Link climbing up the side of a mountain, a cotton candy sky lit behind him. This is a still from Zelda: Breath of the Wild

Nostalgia is a Weight Around Breath of the Wild’s Neck

From gameplay to art direction, The Legend of Zelda: Breath of the Wild is an unabashed triumph. In many ways, it has set a new standard for open-world games in terms of both freedom and exploration. Sound design is also a high point; the sound of Link’s feet on stone and the little cooking tune are fantastic touches in a tremendous work of sound. At the time of this writing, I have sunk thirty or so hours into BotW, and no doubt will play many, many more. For all the good that Breath of the Wild brings to the table, however, I

Black field with red text that reads "Netflix." Below this are the words "The video game" in contrasting white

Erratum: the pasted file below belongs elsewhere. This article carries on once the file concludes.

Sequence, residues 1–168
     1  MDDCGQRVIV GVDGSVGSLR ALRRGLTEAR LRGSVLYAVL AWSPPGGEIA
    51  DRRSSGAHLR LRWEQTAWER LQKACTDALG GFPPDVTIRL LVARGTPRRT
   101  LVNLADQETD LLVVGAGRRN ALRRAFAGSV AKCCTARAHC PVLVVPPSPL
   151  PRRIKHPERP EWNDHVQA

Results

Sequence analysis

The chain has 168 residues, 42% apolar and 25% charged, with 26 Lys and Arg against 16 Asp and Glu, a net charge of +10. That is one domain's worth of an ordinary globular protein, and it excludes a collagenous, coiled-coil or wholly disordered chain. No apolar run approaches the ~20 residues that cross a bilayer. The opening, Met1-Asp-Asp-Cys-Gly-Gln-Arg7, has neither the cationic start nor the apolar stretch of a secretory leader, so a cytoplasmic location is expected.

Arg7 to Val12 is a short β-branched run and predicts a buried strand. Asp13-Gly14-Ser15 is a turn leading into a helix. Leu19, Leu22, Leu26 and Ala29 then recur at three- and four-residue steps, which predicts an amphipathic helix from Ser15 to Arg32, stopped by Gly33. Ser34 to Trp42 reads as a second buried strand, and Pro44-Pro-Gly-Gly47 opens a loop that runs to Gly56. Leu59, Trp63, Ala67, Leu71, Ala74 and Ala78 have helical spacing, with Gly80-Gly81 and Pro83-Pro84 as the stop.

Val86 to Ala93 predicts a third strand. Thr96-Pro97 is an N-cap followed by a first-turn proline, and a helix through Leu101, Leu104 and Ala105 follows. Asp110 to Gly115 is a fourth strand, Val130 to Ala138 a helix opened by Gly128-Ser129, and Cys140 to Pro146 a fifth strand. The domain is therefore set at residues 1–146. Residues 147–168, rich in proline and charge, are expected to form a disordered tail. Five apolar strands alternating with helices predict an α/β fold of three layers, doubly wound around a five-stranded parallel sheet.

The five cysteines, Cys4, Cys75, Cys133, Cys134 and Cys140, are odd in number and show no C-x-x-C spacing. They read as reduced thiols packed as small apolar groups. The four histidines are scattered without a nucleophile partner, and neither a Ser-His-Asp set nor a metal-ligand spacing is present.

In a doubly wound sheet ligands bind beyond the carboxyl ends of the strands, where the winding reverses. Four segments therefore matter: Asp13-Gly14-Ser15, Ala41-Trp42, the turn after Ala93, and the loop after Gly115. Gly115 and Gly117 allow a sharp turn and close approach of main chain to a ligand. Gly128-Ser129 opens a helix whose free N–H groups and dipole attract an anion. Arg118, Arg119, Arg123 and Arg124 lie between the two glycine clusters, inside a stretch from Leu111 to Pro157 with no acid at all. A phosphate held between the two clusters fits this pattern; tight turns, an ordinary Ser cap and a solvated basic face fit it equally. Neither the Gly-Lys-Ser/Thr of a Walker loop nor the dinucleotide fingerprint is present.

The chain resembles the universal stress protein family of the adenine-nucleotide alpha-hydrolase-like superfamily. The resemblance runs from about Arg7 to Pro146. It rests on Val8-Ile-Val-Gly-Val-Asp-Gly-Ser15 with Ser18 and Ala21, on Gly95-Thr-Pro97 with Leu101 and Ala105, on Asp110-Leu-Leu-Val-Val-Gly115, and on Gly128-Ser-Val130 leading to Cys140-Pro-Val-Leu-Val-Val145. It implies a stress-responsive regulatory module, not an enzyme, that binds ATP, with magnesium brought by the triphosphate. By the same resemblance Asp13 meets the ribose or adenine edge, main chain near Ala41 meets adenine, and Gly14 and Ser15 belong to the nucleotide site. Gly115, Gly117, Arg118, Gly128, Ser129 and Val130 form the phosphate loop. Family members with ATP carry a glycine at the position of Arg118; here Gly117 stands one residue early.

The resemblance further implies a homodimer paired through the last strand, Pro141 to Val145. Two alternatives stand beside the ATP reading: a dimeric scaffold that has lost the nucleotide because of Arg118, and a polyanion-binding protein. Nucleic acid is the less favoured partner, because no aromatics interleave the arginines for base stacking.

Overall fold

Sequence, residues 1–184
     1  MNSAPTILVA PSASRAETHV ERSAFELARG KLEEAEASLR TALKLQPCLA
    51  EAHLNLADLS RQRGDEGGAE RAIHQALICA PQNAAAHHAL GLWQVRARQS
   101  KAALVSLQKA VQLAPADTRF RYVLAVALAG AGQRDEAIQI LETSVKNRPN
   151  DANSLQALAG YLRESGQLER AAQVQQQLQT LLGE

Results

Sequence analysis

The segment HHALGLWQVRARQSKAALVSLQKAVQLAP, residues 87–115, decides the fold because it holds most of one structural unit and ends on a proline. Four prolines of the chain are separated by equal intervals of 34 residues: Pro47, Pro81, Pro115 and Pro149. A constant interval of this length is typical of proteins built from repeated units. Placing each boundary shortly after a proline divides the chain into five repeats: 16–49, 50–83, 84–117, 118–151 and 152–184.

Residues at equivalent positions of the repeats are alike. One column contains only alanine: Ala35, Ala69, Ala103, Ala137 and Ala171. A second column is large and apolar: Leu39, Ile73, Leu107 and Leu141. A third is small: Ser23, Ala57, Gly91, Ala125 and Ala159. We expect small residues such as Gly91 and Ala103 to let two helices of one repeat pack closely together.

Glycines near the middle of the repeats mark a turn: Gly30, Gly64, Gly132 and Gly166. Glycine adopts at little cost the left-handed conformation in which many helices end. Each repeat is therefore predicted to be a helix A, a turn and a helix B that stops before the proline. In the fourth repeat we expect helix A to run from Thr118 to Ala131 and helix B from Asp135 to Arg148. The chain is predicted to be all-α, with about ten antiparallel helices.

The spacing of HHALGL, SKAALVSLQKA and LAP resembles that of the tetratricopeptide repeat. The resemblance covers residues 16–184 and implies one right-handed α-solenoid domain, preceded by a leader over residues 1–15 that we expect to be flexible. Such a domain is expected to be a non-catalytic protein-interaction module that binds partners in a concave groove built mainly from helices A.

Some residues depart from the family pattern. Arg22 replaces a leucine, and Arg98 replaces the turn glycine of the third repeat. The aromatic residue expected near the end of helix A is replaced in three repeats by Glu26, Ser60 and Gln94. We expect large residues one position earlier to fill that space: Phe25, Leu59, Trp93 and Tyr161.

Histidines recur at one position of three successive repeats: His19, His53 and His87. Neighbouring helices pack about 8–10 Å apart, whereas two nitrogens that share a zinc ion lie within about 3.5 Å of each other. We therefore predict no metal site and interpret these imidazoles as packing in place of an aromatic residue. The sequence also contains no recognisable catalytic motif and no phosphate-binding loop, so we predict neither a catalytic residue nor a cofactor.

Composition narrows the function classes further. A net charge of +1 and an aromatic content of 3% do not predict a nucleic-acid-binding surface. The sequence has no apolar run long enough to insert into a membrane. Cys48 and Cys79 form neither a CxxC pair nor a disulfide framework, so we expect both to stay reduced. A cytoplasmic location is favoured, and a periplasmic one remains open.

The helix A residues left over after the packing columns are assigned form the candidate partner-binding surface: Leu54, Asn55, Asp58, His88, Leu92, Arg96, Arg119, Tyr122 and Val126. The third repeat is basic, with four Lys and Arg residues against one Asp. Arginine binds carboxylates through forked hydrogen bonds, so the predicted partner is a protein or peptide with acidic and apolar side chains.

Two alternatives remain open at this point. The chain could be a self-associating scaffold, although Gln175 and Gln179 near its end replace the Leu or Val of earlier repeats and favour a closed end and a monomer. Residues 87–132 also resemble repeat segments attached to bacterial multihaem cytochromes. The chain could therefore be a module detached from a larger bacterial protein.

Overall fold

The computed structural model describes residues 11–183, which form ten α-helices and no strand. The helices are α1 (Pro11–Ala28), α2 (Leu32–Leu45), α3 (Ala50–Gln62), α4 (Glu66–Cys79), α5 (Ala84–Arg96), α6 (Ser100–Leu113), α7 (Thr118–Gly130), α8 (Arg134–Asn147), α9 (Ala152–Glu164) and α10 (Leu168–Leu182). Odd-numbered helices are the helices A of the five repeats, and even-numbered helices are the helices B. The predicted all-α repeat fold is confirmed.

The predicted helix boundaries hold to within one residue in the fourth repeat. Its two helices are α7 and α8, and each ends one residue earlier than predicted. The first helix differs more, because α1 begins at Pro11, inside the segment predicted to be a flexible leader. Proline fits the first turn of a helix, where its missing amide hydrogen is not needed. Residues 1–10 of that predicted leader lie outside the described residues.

Do We Really Need a Netflix for Videogames?

There’s been a lot of talk about a ‘Netflix for games’ lately. It’s an appealing idea, of course: a simple monthly fee for access to more games than you could possibly play, with new games added every month. We’re already seeing tentative steps in this direction with services like EA Access and, in a roundabout sort of way, PlayStation Plus and Xbox Live Gold. But the hypothetical Netflix for games would be far bigger, boasting the kind of catalogue that leaves you hemming and hawing like the donkey caught between two bales of hay. It sounds like a good problem